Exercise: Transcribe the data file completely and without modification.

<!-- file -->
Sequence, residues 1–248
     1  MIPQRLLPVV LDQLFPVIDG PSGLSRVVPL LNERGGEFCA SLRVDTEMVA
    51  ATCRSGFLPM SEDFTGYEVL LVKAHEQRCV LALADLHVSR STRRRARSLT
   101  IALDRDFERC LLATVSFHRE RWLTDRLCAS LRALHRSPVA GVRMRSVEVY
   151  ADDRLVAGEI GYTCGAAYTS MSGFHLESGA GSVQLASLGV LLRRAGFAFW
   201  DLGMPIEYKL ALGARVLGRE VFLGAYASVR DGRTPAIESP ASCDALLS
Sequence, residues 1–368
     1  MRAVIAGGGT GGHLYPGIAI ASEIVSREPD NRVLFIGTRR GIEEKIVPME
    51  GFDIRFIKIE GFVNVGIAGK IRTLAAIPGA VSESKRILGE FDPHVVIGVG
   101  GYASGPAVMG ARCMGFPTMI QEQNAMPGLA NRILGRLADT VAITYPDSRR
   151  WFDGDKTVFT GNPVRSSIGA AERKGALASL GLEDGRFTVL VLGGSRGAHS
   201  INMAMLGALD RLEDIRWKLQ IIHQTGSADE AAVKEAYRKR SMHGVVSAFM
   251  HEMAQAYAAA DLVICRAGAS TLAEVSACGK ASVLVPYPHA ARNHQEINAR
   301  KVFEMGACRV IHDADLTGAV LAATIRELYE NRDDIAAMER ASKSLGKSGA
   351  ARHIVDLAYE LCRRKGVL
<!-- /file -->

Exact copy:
Sequence, residues 1–248
     1  MIPQRLLPVV LDQLFPVIDG PSGLSRVVPL LNERGGEFCA SLRVDTEMVA
    51  ATCRSGFLPM SEDFTGYEVL LVKAHEQRCV LALADLHVSR STRRRARSLT
   101  IALDRDFERC LLATVSFHRE RWLTDRLCAS LRALHRSPVA GVRMRSVEVY
   151  ADDRLVAGEI GYTCGAAYTS MSGFHLESGA GSVQLASLGV LLRRAGFAFW
   201  DLGMPIEYKL ALGARVLGRE VFLGAYASVR DGRTPAIESP ASCDALLS
Sequence, residues 1–368
     1  MRAVIAGGGT GGHLYPGIAI ASEIVSREPD NRVLFIGTRR GIEEKIVPME
    51  GFDIRFIKIE GFVNVGIAGK IRTLAAIPGA VSESKRILGE FDPHVVIGVG
   101  GYASGPAVMG ARCMGFPTMI QEQNAMPGLA NRILGRLADT VAITYPDSRR
   151  WFDGDKTVFT GNPVRSSIGA AERKGALASL GLEDGRFTVL VLGGSRGAHS
   201  INMAMLGALD RLEDIRWKLQ IIHQTGSADE AAVKEAYRKR SMHGVVSAFM
   251  HEMAQAYAAA DLVICRAGAS TLAEVSACGK ASVLVPYPHA ARNHQEINAR
   301  KVFEMGACRV IHDADLTGAV LAATIRELYE NRDDIAAMER ASKSLGKSGA
   351  ARHIVDLAYE LCRRKGVL